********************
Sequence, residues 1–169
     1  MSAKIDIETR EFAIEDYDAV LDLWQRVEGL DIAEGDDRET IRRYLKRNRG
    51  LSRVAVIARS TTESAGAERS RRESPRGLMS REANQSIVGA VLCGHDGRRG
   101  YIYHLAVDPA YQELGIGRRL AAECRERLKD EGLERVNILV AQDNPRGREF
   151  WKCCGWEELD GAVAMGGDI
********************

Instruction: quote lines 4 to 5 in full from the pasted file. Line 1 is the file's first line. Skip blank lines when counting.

   101  YIYHLAVDPA YQELGIGRRL AAECRERLKD EGLERVNILV AQDNPRGREF
   151  WKCCGWEELD GAVAMGGDI